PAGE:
To Sleep, Perchance to Dream

Origin of To Sleep, Perchance to Dream

This phrase occurs in the most celebrated soliloquy of Prince Hamlet in the Shakespearean play of the same name, Hamlet. It starts with another famous phrase, “To be or not to be,” in Act-III, Scene-I. It reads as, “To sleep – perchance to dream: ay, there’s the rub…” Despondent and feigning, Prince Hamlet contemplates suicide and death. This speech explains his hesitation to immediately exact revenge upon the murderer of his father, King Hamlet.

Meaning of To Sleep, Perchance to Dream

“Sleep” here represents death, and “perchance” means perhaps. The literal meaning of this quote is that death is a better choice to end the sufferings of one’s life. It implies that unconsciousness or dreamless sleep, after death, would be ideal to be rid of troubles and sufferings in life. Since dreams emphasize tenuousness and uncertainty, and convey a sense of ignorance about the future, Prince Hamlet longs for dreamless sleep, as it would be much better to free him from his worries upon his death.

Usage of To Sleep, Perchance to Dream

The use of this phrase is common in literature, as it contains highly poetic and evocative language. It is normally found in literary works. However, in everyday life dejected lovers use it to express their desperation in love. Many people, who are extremely hopeless of being unsuccessful in life, also use it, as it would be better to die peacefully than to have troubling dreams. Cynic philosophers also use this phrase in their everyday conversation.

Literary Source of To Sleep, Perchance to Dream

This phrase comes from Act-III, Scene-I of William Shakespeare’s famous play, Hamlet. Here, Hamlet expresses his fear of the unknown after death, whether it might be better or worse than his life. He says:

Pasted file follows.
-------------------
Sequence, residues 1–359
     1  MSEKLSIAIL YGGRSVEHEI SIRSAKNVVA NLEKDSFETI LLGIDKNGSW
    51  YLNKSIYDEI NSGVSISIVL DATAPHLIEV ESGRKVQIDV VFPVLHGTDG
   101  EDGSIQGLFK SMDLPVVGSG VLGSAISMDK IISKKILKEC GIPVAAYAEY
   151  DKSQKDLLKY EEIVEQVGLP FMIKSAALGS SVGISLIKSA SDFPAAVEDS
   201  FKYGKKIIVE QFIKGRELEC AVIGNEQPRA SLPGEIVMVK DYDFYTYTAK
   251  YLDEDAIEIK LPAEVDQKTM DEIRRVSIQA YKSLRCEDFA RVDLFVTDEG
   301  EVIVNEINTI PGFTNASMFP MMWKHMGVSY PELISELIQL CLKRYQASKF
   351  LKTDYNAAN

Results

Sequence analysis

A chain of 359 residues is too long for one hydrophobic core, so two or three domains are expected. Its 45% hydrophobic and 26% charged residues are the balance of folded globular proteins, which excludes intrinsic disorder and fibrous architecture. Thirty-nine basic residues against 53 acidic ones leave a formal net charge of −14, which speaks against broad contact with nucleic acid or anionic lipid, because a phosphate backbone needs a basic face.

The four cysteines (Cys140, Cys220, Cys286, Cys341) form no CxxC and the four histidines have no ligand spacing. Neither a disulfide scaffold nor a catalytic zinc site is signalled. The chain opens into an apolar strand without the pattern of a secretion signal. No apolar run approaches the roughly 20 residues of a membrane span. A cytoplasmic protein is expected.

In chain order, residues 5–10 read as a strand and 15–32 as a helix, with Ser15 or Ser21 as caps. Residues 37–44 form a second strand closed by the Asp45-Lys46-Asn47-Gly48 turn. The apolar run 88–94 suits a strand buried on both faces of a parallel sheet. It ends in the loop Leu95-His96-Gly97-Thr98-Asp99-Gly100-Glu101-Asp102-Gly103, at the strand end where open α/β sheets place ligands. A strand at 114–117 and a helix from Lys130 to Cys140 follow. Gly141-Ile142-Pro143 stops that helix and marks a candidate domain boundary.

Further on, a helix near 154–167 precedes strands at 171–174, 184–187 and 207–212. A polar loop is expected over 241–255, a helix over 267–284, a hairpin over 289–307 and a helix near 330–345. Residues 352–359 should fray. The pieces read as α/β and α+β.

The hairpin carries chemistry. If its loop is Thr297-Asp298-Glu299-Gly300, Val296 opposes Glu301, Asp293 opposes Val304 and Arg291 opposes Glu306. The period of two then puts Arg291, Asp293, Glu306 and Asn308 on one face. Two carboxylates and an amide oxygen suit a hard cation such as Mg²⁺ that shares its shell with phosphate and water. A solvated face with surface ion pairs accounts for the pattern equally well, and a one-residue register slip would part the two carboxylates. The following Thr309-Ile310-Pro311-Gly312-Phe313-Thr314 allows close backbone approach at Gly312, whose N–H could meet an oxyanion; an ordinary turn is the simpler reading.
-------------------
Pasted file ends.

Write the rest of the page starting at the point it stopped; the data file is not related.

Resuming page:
“To be, or not to be – that is the question:
Whether ’tis nobler in the mind to suffer
The slings and arrows of outrageous fortune …

“…’Tis a consummation
Devoutly to be wish’d. To die, to sleep —
To sleep – perchance to dream: ay, there’s the rub,
For in that sleep of death what dreams may come
When we have shuffled off this mortal coil…”

 (Hamlet, Act-III, Scene-I, Lines 66-68)

In this excerpt, dreams refer to the pain Hamlet fears to experience following death. Since there is no guarantee that he will get relief from his sufferings and pains through death, he is forced to the reality and nature of death itself.

Literary Analysis of To Sleep, Perchance to Dream

This line is part of famous prolonged soliloquy of Shakespeare’s Prince Hamlet. It is stated that, without the phrase, “To be or not to be,” Hamlet, the play, would not have been the same. This soliloquy occurs when Hamlet learns his uncle Claudius has murdered his father the king, and married the King’s wife. This foul action drives him nearly crazy, and he decides whether to seek revenge for his father’s death, or to wish to escape to death himself. Learning this from his father’s ghost, Hamlet becomes dejected. In the following scene, Hamlet ponders suicide. However, he feels tormented with the fear that he might not find peace even after the death. His mental and moral anguish is at its peak in this soliloquy.

Literary Devices

  • Tone: Gloomy and dejected.
  • Metaphor: “To sleep” is a metaphor representing death, while “dream” is metaphor for consciousness after death.